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< GSOC 2014‎ | Student Application Axilleas

Revision as of 07:52, 22 March 2014 by Axilleas (talk | contribs) (→‎An overview of your proposal: typo)
(diff) ← Older revision | Latest revision (diff) | Newer revision → (diff) is a web-application built with Ruby on Rails, that keeps track of the Fedora/Ruby integration, especially gem -> rpm conversion.

The project was started on 2012 as a Google Summer Of Code project by User:Zuhao and later were added some new features during the Google Code In program. This is my idea of enhancing it from a packager's point of view.

An overview of your proposal

isitfedoraruby is a nice project that never got the attention it deserved. I believe this is because it serves merely as a portal of the gems packaged for Fedora, showing their statuses and some nice statistics and graphs.

Being a packager myself for almost a year now, I am familiar with the difficulties one has to overcome in order to package a gem. This idea aims to facilitate the packaging process by providing some new tools and promote the site among Fedora ruby packagers and the rest of the ruby community.

Some of the ideas include:

  • refactor the base code where needed
  • write rspec tests
  • enhance the gemfile_tool
  • implement a feature of gem/app packaging progress bar
  • enhance the dependency checker
  • create a preview page with stats of a gem not yet packaged
  • use polisher gem where needed
  • write documentation and how-to guides of rubygem packaging
  • UI - UX changes
  • make badges like travis-ci/codeclimate/gemnasium/etc so that each project could show that they have the library packaged for Fedora

Just a note that implementing all the items above, might take more than three months as GSoC officially lasts. During the bonding period (April 21 - May 18) I will decide which to implement first and which will follow after the program ends.

The need you believe it fulfills

These enhancements will hopefully promote the site usage among Fedora ruby packagers and attract new ones.

For new packagers

Based on my experience as a new rubygem packager a year ago, I have compiled some useful information for the packaging process that would help new users to engage in ruby packaging much quicker than I did. You can read a draft here. This will be accessed through a special docs page on and could be edited with pull requests in the github repo.

I also plan to document the workflow a packager follows to build/update a gem, the tools needed to achieve this and the ones that would make the process easier, e.g. using the polisher gem and its binaries.

Of course documentation is not the only important thing, new packagers could also use the advanced features I describe below.

For existing packagers

The new enhancement that I have in mind for the gemfile_tool will help packagers that want to package an application with many dependencies. For example, Gitorious and GitLab are two big rails projects with over 100 dependencies each. The way gemfile_tool is now implemented isn't of much use. Using the polisher gem we can enhance it to depict the dependencies in a nice format (eg. table), export to json, display only the runtime dependencies, etc.

Any relevant experience you have

To be exact, it's been a year since I got involved in learning the ruby language and the rails framework. Since then I have deployed numerous rails applications, the most complex being GitLab which was included in my previous GSoC proposal. I have written quite a few tools/scripts in ruby (mostly for personal use) and also some simple rails apps.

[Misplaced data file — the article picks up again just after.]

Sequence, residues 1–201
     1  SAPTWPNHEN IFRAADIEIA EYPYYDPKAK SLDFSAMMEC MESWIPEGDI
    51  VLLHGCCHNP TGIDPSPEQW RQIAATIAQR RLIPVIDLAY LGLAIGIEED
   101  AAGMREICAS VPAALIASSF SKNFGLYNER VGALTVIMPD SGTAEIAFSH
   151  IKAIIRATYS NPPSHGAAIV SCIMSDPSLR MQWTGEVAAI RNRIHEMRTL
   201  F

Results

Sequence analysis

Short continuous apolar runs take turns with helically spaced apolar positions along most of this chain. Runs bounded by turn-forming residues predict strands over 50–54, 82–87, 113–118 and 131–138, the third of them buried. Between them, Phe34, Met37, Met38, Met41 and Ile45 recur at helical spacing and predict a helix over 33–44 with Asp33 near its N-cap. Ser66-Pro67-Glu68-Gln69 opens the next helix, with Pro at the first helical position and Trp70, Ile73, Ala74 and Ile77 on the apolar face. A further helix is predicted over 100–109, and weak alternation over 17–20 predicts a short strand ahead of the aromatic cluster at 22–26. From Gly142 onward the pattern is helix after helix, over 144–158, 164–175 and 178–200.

isitfedoraruby is the first big application that I will be working on. Apart from ruby/rails, I have a solid knowledge of linux since I use it everyday for the last 8 years.

How you intend to implement your proposal

Refactor basecode where needed

Zuhao has been maintaining the app for quite some time now, with recent changes the port to rails4. That said, an important amount of work is already done. From my side I will try to find if the existing code needs any refinement.

Write tests

The current test suite is almost non-existent. I will use:

  • rspec for models/controllers
  • factory_girl for feeding tests
  • capybara to simulate users' interaction with the app
  • selenium-webdriver to test javascript interactions

For views I will use feature specs. Existing minitest tests will be replaced with rspec ones.

As a first step, I will make a list of things that need testing, as well as reporting some existing bugs that will be added to the tests to avoid future repetition.

Enhance gemfile_tool

gemfile_tool has the ability to parse a given Gemfile{,.lock} and tell you whether the gems found are already packaged and in what Fedora versions. In its current implementation it uses a hacky way to calculate the gems. Also, it has the drawback that it uses cached versions taken from Fedora's repos once a day through a cron job.

On the other hand, using the polisher gem we can query a bunch of services (koji,buzilla, on the fly and learn about the status of the gems at the given time.

As an enhancement, one will be able to see a table like the one I keep track of GitLab's dependencies.

Show the packaging progress of a rails app or a gem

A separate page that shows the packaging progress of a gem will be provided.


The packager submits a Pull Request on the issue tracker providing a yml file. When the patch gets merged and deployed to production, a new page will be created depicting the packaging progress of this certain gem.


The yml file will contain information of the gem name as per the review request and the bugzilla issue number. Each time the gem page gets loaded, it will query koji for rawhide builds and bugzilla for any Blocks issues. If we have those two values we can calculate how many dependents gems there are not yet or already packaged.

A nice progress bar with the percentage of gem packaging completion will be provided as well. For each gem that gets in rawhide, the progress bar gets a little further. There can also be a number of other cool info in the page, like links to bugzilla requests so that someone could lend a hand, etc.